Experts say some vulnerabilities in transit security impossible to avoid

Police secure Eighth Avenue outside the Port Authority Bus Terminal following an explosion near New York's Times Square on Monday, Dec. 11, 2017. (AP Photo/Chuck Zoeller)

After an explosive device was detonated near New York City’s Port Authority bus terminal early Monday in an apparent terrorist act, experts on security and transportation policy said that a much more devastating attack on public transit could be difficult, if not impossible, to stop.

Despite going off in a crowded underground walkway in the middle of the Monday morning rush, the explosion caused minimal damage and few injuries. The suspected bomber, 27-year-old Akayed Ullah, was hospitalized for burns and laceration and three others were treated for headaches and ringing in their ears.

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“If this bomb had been constructed in a more effective, professional manner, this would have been a more serious attack,” said Anthony Roman, president of global investigation and risk management firm Roman & Associates.

He added, however, that a successful attack is not evidence that the subway system’s security procedures are lax.

“That does not mean that the systems and precautions in place are inadequate,” he said. “It simply means you cannot protect against every single attack.”

Robert Puentes, president and CEO of the Eno Center for Transportation, a non-profit think tank, was hesitant to call the attack a “wake-up call” because cities have been awake to the threats their mass transit systems face for years.

“This is definitely a top priority for transit officials around the country,” he said. “They’re not in reactive mode. They’ve been proactive.”

While U.S. transportation systems have not gone nearly as far as some in other countries have been able to, cities here have invested heavily in security equipment and staffing, and they have taken steps to mitigate the damage when an attack occurs.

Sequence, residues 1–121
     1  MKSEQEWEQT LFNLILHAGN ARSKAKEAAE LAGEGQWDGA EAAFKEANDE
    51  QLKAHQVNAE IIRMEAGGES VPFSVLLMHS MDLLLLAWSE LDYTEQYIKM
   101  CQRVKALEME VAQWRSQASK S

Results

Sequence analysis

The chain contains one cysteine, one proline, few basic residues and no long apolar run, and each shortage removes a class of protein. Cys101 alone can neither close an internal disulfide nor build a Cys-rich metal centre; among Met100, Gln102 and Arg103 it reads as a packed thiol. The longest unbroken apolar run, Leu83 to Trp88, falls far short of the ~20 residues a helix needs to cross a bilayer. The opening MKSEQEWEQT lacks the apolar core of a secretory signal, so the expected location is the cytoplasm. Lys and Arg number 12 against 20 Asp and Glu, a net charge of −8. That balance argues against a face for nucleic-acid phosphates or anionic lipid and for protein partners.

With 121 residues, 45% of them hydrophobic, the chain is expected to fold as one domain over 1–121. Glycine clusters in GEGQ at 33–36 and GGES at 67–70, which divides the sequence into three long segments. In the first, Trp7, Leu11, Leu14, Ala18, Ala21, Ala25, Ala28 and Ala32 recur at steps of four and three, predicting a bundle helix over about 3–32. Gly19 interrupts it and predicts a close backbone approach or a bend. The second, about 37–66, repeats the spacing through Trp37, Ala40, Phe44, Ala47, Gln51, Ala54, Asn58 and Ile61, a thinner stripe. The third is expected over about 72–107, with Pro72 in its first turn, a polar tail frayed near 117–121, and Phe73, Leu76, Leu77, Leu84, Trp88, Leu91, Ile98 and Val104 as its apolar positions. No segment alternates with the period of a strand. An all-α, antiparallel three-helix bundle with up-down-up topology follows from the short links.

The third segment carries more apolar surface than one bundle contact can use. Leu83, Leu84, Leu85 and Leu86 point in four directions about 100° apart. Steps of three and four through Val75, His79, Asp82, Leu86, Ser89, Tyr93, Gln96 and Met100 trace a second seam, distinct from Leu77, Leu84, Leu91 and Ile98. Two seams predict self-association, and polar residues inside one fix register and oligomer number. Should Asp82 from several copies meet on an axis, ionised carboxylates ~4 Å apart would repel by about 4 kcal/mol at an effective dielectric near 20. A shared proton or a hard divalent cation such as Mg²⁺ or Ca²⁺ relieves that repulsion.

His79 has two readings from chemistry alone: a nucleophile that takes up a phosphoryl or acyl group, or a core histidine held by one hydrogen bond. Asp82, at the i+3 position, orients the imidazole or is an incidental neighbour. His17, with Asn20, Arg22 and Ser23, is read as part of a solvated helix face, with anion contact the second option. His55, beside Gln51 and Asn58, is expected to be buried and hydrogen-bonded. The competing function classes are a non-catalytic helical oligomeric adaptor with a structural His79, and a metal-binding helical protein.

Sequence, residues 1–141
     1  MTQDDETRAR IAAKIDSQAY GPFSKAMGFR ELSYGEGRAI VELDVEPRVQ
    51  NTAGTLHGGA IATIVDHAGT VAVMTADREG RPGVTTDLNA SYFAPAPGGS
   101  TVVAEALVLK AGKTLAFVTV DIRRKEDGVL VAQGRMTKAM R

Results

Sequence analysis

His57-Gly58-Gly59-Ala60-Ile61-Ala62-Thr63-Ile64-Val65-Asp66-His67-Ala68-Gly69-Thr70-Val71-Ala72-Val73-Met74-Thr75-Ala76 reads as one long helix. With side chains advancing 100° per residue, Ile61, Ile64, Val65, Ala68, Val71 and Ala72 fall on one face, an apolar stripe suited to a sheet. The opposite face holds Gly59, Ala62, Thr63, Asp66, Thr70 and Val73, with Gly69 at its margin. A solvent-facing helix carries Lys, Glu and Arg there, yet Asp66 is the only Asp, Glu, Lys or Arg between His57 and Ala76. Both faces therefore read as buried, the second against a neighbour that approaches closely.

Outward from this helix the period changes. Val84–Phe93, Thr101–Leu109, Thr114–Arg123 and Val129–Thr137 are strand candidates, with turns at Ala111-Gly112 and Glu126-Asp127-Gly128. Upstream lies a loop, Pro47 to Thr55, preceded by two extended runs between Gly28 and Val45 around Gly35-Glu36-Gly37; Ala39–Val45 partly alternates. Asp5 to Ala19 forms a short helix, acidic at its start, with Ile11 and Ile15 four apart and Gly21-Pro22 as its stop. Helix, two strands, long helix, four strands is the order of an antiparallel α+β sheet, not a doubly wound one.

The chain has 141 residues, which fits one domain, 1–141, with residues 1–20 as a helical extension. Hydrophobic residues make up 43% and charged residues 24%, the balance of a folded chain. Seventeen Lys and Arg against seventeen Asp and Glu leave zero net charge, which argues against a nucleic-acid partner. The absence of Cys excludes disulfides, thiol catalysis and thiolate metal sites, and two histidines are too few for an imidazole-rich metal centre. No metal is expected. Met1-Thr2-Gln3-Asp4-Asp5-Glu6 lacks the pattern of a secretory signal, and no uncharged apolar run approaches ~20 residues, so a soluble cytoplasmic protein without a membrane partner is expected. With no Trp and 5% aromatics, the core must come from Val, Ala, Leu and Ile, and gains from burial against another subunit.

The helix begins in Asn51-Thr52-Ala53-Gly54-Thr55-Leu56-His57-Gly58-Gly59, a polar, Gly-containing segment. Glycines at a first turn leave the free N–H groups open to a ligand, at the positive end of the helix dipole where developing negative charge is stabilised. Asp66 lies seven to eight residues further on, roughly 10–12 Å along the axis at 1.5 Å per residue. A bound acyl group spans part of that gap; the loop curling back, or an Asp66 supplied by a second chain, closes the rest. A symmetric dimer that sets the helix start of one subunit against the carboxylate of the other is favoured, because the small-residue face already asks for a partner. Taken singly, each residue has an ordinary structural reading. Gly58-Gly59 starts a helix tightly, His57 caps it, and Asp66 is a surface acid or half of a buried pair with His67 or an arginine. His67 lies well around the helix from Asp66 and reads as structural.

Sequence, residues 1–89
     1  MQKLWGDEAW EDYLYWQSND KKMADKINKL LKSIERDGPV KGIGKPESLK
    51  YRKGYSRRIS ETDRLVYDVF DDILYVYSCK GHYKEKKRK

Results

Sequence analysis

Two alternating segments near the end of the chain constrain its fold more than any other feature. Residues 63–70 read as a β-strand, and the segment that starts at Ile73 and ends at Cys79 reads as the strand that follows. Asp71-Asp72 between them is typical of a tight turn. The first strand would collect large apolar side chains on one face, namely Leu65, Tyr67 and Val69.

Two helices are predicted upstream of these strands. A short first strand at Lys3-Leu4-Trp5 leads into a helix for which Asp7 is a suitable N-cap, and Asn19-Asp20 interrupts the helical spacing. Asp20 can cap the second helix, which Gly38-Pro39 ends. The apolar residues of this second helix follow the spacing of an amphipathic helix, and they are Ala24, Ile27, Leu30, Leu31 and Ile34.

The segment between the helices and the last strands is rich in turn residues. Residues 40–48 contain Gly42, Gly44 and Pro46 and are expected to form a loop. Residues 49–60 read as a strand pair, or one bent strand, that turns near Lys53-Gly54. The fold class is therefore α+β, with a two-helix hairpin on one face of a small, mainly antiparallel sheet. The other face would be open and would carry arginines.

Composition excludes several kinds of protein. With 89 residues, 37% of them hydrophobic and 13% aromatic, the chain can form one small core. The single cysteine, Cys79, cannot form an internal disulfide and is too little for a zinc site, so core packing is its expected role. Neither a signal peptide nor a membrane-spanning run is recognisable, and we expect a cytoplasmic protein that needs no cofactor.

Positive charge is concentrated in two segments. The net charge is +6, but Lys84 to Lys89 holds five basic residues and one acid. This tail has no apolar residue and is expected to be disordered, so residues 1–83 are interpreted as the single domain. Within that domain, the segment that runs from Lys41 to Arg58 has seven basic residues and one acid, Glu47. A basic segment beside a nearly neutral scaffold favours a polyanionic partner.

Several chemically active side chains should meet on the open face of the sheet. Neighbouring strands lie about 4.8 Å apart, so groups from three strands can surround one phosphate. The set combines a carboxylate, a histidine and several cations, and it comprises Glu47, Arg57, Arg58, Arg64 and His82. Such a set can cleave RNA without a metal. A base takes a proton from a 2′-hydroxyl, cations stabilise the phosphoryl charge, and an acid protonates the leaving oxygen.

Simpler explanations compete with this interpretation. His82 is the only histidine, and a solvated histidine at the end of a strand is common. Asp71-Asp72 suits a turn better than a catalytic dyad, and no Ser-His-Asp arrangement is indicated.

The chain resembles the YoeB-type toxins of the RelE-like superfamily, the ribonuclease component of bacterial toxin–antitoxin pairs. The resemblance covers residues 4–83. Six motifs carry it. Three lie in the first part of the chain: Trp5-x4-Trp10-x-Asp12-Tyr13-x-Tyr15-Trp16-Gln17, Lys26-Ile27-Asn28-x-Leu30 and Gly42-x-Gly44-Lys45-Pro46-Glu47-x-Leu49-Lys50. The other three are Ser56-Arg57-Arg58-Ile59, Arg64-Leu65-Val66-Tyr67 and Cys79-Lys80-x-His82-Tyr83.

Officials have not officially confirmed a motive for the bombing. Initial reports suggested Ullah made statements supportive of ISIS, and CNN reported that he cited Israeli action in Gaza as the reason for the attack. There were no immediate reports of ties to a larger cell.

Pro-ISIS social media accounts applauded the attack. One post obtained by the SITE Intelligence Group showed a hand holding a bomb in Times Square, alongside text stating that “dog” President Donald Trump’s recognition of Jerusalem as Israel’s capital “will make us recognize explosives as the capital of your country.”

Monday’s attack came just weeks after an Uzbek immigrant allegedly drove a rented truck through a lower Manhattan bike path on Halloween, killing eight people.

FBI Director Christopher Wray testified before Congress Thursday that the agency currently has about 1,000 active ISIS investigations in all 50 states. He claimed hundreds of attacks have been prevented and cited 176 domestic terror-related arrests in the last year.

“The loss of the terrorist safe haven that ISIS once enjoyed is forcing the group the shift tactics and strategies,” House Homeland Security Committee Chairman Michael McCaul said in a statement last week accompanying his monthly “Terror Threat Snapshot” report. “We can already see these changes evidenced by their calls for violence in America and Europe during this holiday season.”

Roman cautioned against reading too heavily into the proximity in time of Monday’s event to the Halloween attack. Although authorities have warned of the risk of ISIS fighters returning to their home countries and plotting attacks after their military losses in the Middle East, these two incidents are not necessarily signs the threat is accelerating.

“We’re not talking about an organized sequence of attacks,” he said. “We’re talking about sole individuals who are inspired by militant propaganda and many of them are emotionally-disturbed individuals and might have perpetrated violent attacks if they had not been inspired.”

He also observed that many of the deadliest mass casualty attacks on soft targets in recent years—including the recent Las Vegas shooting, the Sutherland Springs church shooting, the Sandy Hook school shooting, and the Aurora theater shooting—have been committed by men with no known terrorist ties at all.

“They were all perpetrated by emotionally-disturbed individuals without inspiration by militant groups,” he said.

As is often the case with ISIS-inspired attacks in the U.S., Ullah’s device appears to have been homemade and low-tech.

“Self-inspired individuals without former military or terror tactic training generally put together devices that are not as effective as they can be,” Roman said.

In contrast, one of the Boston Marathon bombers did have overseas training, and their improvised explosives caused many more casualties.

Though it is still unclear when or how Ullah was radicalized, the White House has already seized on his legal entry to the country under a family visa in 2011 as evidence that rules must be changed to prevent chain migration.

Sebastian Gorka, a former deputy assistant to President Trump, also pointed to Ullah’s Bangladeshi nationality to underscore the need to reform immigration policies.